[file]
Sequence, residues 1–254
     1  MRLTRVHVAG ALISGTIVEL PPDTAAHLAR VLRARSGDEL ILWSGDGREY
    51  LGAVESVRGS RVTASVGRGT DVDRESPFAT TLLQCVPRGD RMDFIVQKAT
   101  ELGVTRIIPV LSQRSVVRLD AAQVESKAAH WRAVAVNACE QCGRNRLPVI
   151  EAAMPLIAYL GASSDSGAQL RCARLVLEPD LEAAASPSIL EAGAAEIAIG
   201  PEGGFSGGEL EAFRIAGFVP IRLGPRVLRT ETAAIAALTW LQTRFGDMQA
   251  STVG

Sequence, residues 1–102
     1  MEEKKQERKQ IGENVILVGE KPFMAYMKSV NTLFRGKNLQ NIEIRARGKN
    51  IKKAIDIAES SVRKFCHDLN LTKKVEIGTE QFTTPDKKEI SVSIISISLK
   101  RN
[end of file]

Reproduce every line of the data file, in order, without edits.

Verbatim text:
Sequence, residues 1–254
     1  MRLTRVHVAG ALISGTIVEL PPDTAAHLAR VLRARSGDEL ILWSGDGREY
    51  LGAVESVRGS RVTASVGRGT DVDRESPFAT TLLQCVPRGD RMDFIVQKAT
   101  ELGVTRIIPV LSQRSVVRLD AAQVESKAAH WRAVAVNACE QCGRNRLPVI
   151  EAAMPLIAYL GASSDSGAQL RCARLVLEPD LEAAASPSIL EAGAAEIAIG
   201  PEGGFSGGEL EAFRIAGFVP IRLGPRVLRT ETAAIAALTW LQTRFGDMQA
   251  STVG

Sequence, residues 1–102
     1  MEEKKQERKQ IGENVILVGE KPFMAYMKSV NTLFRGKNLQ NIEIRARGKN
    51  IKKAIDIAES SVRKFCHDLN LTKKVEIGTE QFTTPDKKEI SVSIISISLK
   101  RN